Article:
Closing arguments have ended in the trial of State Senator Tom Libous. Starting today, the jury will deliberate on whether it believes Libous knowingly made false statements to the FBI. Both the prosecution and the defense took the entire day Tuesday to lay out their final arguments. The prosecution went first, and for more than an hour it connected the dots between the 15 witnesses it called. The defense pointed to the lack of evidence against Libous in its closing statement. Jury deliberations will begin at 9:30 this morning.
The Highland Park pool remained closed yesterday after officials found glass in the kiddie pool. Even though there was no glass in the large pool, it had to be closed too because of the park’s water filtration system. The Broome County Health Department said it received an anonymous complaint on Sunday witnessing lifeguards taking glass out of the kiddie pool at Highland Park. The department said one person suffered cuts from the glass before the pools were closed. Now, the park is required to go through a lengthy cleanup process before the pools can be reopened to the public. Once it is completed, the county health department will send an inspector, and the pools will be reopened. They expect the pools to reopen within the next few days.
Lockheed Martin made it official yesterday…announcing it has acquired Sikorsky Aircraft, a world leader in military and commercial rotary-wing aircraft, for $9 billion. Lockheed Martin employs approximately 2,600 people at its Owego facility. The plant currently works closely with Sikorsky on helicopter contracts including the VH-92 – Marine One Presidential Helicopter – the Combat Rescue Helicopter and MH-60 installing electronics and mission control systems. Lockheed’s corporate offices in Bethesda said the deal would not mean more jobs for the Owego facility. The deal is expected to close by the end of 2015 or the beginning of 2016.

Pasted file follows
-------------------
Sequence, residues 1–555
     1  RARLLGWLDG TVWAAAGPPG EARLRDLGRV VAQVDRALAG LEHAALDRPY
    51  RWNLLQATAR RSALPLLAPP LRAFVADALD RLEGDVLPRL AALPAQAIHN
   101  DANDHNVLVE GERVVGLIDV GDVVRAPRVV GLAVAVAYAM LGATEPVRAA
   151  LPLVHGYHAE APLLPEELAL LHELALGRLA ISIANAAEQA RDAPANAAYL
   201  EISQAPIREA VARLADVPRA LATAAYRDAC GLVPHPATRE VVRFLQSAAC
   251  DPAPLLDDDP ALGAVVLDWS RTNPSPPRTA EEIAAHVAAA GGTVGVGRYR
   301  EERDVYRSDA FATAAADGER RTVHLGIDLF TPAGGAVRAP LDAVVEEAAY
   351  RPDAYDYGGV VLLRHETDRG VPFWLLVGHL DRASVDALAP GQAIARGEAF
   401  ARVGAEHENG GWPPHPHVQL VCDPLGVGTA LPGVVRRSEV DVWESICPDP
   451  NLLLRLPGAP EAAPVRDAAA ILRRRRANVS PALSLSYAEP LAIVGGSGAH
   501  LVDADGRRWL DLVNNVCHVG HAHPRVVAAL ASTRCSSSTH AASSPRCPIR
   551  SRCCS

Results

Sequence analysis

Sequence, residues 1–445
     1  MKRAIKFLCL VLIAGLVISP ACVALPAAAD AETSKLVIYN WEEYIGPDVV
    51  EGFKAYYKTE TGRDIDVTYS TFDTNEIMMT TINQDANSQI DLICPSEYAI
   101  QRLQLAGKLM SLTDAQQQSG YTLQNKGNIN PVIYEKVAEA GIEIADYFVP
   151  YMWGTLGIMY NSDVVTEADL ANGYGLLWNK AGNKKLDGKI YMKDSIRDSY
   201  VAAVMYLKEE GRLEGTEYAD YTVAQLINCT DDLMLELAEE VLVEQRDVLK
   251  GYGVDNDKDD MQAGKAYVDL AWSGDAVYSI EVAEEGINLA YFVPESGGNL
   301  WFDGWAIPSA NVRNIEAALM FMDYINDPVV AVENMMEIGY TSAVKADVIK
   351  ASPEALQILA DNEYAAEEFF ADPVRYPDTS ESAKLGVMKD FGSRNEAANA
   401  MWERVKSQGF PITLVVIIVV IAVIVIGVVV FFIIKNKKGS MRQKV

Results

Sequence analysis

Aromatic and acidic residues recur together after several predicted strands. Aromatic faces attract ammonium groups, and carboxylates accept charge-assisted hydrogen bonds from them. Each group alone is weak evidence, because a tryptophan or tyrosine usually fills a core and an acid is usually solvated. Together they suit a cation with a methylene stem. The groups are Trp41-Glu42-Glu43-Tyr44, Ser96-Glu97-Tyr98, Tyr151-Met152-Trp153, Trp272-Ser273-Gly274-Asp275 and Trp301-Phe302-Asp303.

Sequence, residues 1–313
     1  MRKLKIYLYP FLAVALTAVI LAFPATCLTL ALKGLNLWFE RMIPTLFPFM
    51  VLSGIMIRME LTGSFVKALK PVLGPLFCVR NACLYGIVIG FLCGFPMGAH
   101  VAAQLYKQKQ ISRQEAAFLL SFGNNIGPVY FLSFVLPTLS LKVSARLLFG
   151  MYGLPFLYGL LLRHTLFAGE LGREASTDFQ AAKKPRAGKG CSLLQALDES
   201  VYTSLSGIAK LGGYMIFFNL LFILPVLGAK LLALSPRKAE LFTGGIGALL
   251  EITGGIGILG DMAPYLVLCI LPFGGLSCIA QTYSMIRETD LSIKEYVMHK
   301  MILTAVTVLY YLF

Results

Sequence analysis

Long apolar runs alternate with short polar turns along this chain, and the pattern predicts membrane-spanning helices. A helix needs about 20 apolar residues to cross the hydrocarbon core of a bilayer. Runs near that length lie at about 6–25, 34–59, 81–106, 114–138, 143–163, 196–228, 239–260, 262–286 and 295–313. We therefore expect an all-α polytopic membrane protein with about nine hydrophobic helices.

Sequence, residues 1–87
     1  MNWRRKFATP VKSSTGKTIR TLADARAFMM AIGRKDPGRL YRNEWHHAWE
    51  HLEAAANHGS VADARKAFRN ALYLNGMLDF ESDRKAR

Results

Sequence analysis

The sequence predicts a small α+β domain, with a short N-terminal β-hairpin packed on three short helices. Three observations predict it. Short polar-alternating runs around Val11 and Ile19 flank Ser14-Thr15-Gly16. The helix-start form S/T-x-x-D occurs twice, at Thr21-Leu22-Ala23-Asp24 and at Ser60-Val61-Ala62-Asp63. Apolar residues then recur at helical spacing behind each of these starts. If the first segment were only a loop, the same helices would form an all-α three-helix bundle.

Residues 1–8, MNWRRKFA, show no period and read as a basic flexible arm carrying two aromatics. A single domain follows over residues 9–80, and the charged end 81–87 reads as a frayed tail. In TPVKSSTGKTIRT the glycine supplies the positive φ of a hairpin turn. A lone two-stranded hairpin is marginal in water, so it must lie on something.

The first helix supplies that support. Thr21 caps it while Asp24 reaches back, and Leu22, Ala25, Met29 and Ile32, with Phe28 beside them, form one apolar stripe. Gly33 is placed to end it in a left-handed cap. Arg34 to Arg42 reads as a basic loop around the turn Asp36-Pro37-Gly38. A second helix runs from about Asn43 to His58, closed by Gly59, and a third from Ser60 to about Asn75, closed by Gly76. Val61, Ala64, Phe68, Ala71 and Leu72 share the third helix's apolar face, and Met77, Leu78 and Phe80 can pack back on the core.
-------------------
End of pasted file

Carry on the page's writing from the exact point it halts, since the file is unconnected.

UHS Wilson Hospital confirmed yesterday that patient care services have resumed at the Picciano building. They were forced to relocate late last week after the collapse of the hospital parking ramp on Baldwin Street. Patients may enter the Picciano Building from the southern Arch Street entrance. Free valet parking will be provided, as there will be no access on Baldwin Street. Baldwin Street remains closed to traffic until further notice. However, there is limited access for ambulances and other medical vehicles. Debris removal continued at the site of the parking ramp collapse yesterday. Officials said all hospital operations have returned to normal.
State Sen. Tom Libous has decided not to testify in his trial, which is underway in federal court in White Plains. The prosecution rested its case yesterday afternoon. After a short recess, the defense announced it would only call one witness: District Court Judge Thomas McAvoy. Closing arguments are scheduled to begin at 10:30 this morning. Sen. Libous is accused of lying to the FBI about his son Matthew’s employment at a Westchester law firm in 2010. If convicted, he could face up to five years in prison.